So life, and markets, will go on. Those that sell now will join others selling in a panic. How often does that work out? I think you know the answer. Securities of all kinds are getting terrible marks. Locking them in by selling isn’t likely to be a winning strategy.
Once we reach the far side, we will be in far better shape as an economy as all the leverage will have been wrung out of the system. I don’t know if you remember my letter of a few months ago where I spoke of visiting Indonesia. In 1997, the Indonesian currency, the rupiah, lost over 90% of its value. Can you imagine how calamitous it would seem if that happened here? Yes, the Indonesian economy suffered for a few years but today, rid of its excesses, it thrives.
There’s also a lot of money around. That certainly wasn’t the case in the 1920s or the 1970s. The sovereign wealth funds are loaded. Individuals have been liquefying. There have been billions of dollars raised for distressed funds over the last few months. There is money to come in and start buying. Which leads me to my next point…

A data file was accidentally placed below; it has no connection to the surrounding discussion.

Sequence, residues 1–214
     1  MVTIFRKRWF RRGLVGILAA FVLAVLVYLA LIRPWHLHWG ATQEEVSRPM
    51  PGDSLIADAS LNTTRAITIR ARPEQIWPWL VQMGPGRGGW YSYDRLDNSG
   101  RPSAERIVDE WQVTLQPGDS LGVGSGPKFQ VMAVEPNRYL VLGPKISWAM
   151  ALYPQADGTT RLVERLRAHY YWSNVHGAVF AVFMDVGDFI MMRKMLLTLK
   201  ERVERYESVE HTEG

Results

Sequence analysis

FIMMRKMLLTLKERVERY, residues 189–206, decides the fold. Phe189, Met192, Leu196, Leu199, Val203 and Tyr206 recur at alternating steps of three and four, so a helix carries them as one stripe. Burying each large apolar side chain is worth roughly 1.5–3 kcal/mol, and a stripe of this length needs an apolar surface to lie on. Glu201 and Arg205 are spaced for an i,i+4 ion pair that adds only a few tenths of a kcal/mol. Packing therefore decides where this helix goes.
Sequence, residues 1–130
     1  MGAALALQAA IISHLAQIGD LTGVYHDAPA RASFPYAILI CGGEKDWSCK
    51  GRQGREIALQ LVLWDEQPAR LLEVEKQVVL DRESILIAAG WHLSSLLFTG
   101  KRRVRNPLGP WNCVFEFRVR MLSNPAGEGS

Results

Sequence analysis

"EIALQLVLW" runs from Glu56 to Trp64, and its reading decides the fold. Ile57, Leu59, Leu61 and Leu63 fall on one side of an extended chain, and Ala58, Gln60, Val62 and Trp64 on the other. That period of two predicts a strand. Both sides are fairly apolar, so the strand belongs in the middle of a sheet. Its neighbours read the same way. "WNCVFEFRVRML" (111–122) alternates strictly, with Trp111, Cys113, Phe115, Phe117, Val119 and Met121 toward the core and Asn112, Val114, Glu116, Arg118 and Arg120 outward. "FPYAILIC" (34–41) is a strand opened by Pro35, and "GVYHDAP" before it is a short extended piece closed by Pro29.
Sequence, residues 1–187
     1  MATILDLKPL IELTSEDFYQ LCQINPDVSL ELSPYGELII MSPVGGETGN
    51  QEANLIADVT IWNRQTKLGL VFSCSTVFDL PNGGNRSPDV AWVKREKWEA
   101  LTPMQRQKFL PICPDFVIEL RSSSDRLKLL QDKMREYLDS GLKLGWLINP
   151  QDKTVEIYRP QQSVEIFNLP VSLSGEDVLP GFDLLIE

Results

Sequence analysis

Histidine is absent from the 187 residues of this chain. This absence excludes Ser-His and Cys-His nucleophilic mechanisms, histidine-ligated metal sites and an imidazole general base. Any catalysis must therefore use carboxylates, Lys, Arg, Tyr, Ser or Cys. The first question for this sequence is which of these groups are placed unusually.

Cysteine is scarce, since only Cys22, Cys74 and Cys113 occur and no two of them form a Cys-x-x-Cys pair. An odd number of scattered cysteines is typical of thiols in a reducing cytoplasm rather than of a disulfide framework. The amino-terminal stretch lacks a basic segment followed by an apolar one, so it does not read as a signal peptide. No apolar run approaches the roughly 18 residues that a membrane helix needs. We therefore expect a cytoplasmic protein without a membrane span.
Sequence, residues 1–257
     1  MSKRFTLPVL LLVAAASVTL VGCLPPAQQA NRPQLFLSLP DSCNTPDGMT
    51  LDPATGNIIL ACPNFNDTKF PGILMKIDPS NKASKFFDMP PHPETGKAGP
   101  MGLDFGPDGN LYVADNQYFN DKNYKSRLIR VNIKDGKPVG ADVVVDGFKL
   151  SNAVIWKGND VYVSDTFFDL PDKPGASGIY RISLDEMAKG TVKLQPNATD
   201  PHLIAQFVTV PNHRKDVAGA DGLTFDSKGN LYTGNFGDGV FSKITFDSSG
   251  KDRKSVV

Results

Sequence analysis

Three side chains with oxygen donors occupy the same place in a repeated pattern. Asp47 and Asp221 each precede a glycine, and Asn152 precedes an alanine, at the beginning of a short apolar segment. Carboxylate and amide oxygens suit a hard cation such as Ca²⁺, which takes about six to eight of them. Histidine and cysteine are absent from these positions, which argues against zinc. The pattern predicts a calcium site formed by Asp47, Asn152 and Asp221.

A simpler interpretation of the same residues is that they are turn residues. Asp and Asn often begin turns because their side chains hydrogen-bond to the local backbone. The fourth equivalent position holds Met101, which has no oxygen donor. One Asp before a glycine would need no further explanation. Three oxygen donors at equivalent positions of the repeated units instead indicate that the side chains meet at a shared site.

The craziness has led to the most remarkable bargains we have seen in our lifetimes. This is what happens when you have forced liquidations. For example, you will recall we have an investment in a manager that buys SPACs, which are basically t-bills sitting in publicly traded trusts. Right now, because they have sold off, you can buy these with an implicit yield of 15%. Imagine, 15% t-bills! Actual t-bills yield close to zero. How could this be? It turns out that convertible arbitrage hedge funds were the biggest owners of these securities. These funds were just killed in September and are now facing massive redemptions, so they have been selling whatever they can, which includes SPACs. There are few buyers to be had.
Goodbye, Beta People
In the fund world, beta is what the market gives you, either a wind in your sails or in your face. Alpha is return attributable solely to skill. We had an interesting discussion in our office about how there are “alpha people” and “beta people” on Wall Street. In bull markets, Wall Street creates legions of beta people, who prosper because they were assigned to a fortunate desk out of their training programs. It’s always good to be in the right place at the right time, but nowhere so much as Wall Street. Naseem Taleb wrote about this at length in his first book, “Fooled by Randomness.” Well, the beta people are toast. The bloodletting has only just begun. I suspect a lot of alpha people – those who really create value – will get caught up in occupational violence as well, but they should fair a lot better.